...one possibility is that individuals learn to adapt to their strengths and weaknesses, and in mid-life quell their infeasible aspirations. Another possibility is that cheerful people live systematically longer...A third possibility is that older people might compare their lives with their peers'. Seeing their friends die could mean people value their remaining years more highly...It looks from the data like something happens deep inside humans. For the average person in the modern world, the dip in mental health and happiness comes on slowly, not suddenly in a single year...Only in their 50s do most people emerge from the low period. But encouragingly, by the time you are 70, if you are still physically fit then on average you are as happy and mentally healthy as a 20-year-old. Perhaps realising that such feelings are completely normal in mid-life might even help individuals survive this phase better.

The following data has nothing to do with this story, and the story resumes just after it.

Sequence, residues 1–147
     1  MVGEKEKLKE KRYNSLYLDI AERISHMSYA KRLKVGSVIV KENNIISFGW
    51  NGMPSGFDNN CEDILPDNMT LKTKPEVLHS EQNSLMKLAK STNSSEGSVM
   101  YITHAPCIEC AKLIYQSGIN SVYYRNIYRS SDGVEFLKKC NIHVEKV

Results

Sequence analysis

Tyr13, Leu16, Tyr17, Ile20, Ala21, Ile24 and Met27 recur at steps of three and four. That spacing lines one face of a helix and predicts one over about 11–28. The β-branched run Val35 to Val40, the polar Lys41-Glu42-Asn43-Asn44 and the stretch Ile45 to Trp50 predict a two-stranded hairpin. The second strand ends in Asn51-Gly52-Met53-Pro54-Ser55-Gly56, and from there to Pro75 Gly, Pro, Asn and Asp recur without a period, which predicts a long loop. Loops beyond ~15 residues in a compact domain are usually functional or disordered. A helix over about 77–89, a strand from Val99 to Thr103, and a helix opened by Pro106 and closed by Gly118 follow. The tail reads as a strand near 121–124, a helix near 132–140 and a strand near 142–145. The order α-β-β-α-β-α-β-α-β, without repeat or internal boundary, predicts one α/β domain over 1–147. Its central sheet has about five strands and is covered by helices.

Friday, February 08, 2008
Middle Age Misery
Blanceflower and Oswald have done a fascinating study (PDF here) showing that across cultures, from Azerbaijan to Zimbabwe, we are happiest towards the beginning and end of our lives, leaving us most miserable in middle years between 40 and 50. For both men and women in the UK, the probability of depression peaked at around the age of 44. In the US, men were most likely to be unhappiest at 50, while for women the age was 40. The cause of the apparent U-shaped curve is not known. Quoting Oswald (the graphic is from his website):